The Foundations of the Earth

 

yes-and-no

The Foundations of the Earth

A girl sat alone on a limestone stack by the lake. Her temples ached from an hour of pinched up eyes and weeping. It was night. She dangled her feet in and felt the cold jolt up her legs. The water was gray and noisy with a skin of foam where it washed onto the square-cut rocks. Sky and lake bled into each other in a black haze in the distance. The city skyline jutted out into ink on the left end of the horizon. A halo of lit fog hung over it. She considered the many particulate lives that were now on the move, coursing down the thoroughfares, going up and down elevators, meeting and parting, picking and dropping, sleeping and waking. These are the satisfying matters of the day, she thought. She must believe that they are satisfying. That will make it easier. Her throat was tight. She looked over the dark flats of water for a light-house she remembered. It was not there, but she did see one well-lighted boat making for the dock. Her old companions, Sic and Non, sprouted out of air.

Sic

Walk into the lake, shed this life. Let the soul vapor up from what is dead in the water. The sad knots in you will unravel and raft away. You will cry out to them like dear friends as they lost on the wave. But they were chains.

Sic

Each day, you wake to an unwholesome pasture, and graze on emptiness. When the light dies by the bed you say: “O Lord, I do not thank you for the food I have received. You pen me up and shear me. You keep my soul furled on a spear.” Let the pent up things wash out.

Sic

You were clothed in this place and time, but the clothes of your true country are celestial. They admit of no place or time. Tear open the chest and pull the spear out. Let go, let go! And rise again. When you are unveiled from the waters, the streams flooding down your shoulders will be a new ecstasy. Not just a patch of happiness to divide up the long roads of hate. That joy will be the final thing. The lasting thing.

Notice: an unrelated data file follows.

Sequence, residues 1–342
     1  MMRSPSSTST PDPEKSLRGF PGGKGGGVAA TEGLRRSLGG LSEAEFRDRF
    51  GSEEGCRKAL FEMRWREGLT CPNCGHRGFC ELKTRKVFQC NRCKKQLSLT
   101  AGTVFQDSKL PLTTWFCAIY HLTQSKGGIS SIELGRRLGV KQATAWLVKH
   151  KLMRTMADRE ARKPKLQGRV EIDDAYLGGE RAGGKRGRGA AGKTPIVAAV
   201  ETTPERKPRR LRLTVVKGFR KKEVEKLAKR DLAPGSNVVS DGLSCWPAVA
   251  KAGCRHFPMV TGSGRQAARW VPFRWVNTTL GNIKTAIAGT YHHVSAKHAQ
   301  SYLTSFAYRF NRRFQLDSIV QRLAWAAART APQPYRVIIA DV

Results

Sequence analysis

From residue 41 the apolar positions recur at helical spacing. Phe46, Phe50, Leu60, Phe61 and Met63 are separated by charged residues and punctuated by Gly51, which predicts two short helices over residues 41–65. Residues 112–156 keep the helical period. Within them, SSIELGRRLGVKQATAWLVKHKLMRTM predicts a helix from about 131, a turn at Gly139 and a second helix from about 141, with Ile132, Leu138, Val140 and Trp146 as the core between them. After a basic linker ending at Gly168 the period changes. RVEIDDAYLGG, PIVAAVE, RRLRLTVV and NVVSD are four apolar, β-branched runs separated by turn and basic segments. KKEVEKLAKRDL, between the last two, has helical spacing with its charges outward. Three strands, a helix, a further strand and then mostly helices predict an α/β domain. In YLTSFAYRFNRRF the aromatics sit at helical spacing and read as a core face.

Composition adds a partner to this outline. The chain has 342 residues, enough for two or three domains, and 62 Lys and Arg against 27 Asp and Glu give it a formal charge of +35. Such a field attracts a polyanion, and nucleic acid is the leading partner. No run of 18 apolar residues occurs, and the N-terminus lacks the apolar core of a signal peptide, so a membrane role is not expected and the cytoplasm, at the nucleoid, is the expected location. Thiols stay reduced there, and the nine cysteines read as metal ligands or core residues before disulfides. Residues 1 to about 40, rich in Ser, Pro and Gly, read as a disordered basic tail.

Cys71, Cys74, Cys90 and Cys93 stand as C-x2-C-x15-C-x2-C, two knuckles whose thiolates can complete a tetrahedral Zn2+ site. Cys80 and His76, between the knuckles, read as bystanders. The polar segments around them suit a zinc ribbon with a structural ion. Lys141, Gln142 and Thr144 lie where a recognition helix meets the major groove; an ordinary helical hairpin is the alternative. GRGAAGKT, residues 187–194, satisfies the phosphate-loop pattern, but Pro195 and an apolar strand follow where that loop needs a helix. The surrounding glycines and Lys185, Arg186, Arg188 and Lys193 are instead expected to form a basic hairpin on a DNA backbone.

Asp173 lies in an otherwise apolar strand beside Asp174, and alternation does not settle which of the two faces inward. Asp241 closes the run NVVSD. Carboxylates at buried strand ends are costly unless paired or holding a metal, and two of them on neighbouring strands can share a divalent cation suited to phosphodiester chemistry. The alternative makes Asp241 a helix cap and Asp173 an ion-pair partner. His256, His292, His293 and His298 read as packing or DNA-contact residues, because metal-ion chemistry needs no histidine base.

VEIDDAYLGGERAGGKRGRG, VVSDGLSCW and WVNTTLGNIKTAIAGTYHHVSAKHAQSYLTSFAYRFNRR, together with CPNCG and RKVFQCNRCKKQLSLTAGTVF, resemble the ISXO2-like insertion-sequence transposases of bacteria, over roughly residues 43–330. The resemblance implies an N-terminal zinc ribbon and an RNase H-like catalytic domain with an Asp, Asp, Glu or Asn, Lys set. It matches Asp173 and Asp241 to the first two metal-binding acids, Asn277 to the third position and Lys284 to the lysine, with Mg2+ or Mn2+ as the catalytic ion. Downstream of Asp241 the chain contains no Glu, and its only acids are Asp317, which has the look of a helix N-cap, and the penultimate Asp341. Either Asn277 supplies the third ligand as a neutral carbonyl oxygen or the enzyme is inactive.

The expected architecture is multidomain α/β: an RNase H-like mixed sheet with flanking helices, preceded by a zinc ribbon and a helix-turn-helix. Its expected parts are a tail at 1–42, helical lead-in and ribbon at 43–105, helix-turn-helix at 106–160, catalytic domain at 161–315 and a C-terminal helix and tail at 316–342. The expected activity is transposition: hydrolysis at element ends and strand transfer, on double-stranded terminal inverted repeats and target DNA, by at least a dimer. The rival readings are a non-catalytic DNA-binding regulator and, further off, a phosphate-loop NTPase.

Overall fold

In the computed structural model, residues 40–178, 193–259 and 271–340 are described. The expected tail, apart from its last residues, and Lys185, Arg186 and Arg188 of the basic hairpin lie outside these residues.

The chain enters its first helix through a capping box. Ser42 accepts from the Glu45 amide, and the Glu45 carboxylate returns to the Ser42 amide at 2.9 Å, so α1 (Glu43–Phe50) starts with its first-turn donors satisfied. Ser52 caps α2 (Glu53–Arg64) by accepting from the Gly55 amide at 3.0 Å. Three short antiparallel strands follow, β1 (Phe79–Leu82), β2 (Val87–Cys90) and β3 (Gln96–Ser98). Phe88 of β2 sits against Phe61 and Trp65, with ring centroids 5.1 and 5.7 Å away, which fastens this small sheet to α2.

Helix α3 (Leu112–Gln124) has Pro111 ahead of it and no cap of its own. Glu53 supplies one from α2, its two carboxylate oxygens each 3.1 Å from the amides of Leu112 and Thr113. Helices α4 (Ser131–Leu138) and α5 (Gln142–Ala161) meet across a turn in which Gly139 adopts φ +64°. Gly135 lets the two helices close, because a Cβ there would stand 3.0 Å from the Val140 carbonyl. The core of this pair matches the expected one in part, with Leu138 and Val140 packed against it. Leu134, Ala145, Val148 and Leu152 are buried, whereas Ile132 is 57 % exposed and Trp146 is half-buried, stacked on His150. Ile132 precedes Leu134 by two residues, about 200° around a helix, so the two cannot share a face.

Non

Don’t drown. They will not understand why you left them. They will cry when they think about your poor lungs filling with water. And your limbs still in the cold. You will be paper-thin and made of memories.

What the eyes saw

The girl looked on the glimmering carpet which the moon had laid down on the waters. She could feel Leviathan rumbling after a shoal of squid deep below. The eyes of Leviathan are twin torches that fire up the deep. Her tail whips up the currents when she is on the hunt. She reigns over the underbelly and the floor of the sea, but she is heir to the upper waters too. In the Primal Age when she was born, shallow and deep were mixed, and so were night and day, and land and water. One day she will thunder up. Squadrons of Pharaoh’s galleys will not withstand her; they will be smashed into bits of bobbing cedar on the Nile. Icebergs will not cause her to pause; they will be cleaved asunder as her snout pikes out of the North Sea. The land will not wall her out; levees will break and the tide will overflow and swallow many crying innocents. The might of Leviathan is pitiless.

Non

This is a gloomy place and you are lonely. You think that you are nothing at all. Just a wad of uncared-for rubbish. Just a half-formed thing stopping up the normal flow of the Universe. There isn’t a bridge out. All the channels are closed up. But you cut the cords and logged up all the rivers. The dim shapes you see entering and leaving rooms are your kin, your sisters and brothers. You fear them and shut them out, but you don’t know them. You cry: “The one I knew best whipped me so hard and the stripes seem fresh when I wake each day. The shadow of the lash is on every face. It crackles behind every door. I know the way of its arc better than anything that can be known in any life. End these days”. Your fellow creatures are also in a hard struggle and are sometimes crawling. Embrace them. Let your heart be easy with them. Show others a bit of the kindness you have been searching for, and perhaps you will receive some.

Sic

Your heart is yoked under a weight. Cast off and float up. Perch up over the clouds. Time will be a sleeve that can be stretched out or rolled up. One hundred million years could be your minute. Let the rolled up minute unfold. See this lake dry up and the earth bend, fold, crumple and crease like hot plastic. The land below will be sheathed in grass one moment, then ice, then forest, then desert, then molten rock, then water again. There is poetry in geology and the verses are hidden in every bluff, dune, pebble and grain.

Sic